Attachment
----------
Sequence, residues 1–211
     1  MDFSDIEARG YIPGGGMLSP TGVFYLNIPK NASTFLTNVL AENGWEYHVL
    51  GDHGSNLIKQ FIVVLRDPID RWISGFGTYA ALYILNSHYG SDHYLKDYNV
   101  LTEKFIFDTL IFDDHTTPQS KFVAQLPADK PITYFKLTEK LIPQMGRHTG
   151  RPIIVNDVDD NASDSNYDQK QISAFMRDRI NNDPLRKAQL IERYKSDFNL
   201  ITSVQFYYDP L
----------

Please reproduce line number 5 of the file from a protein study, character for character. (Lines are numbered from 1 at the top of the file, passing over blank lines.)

   151  RPIIVNDVDD NASDSNYDQK QISAFMRDRI NNDPLRKAQL IERYKSDFNL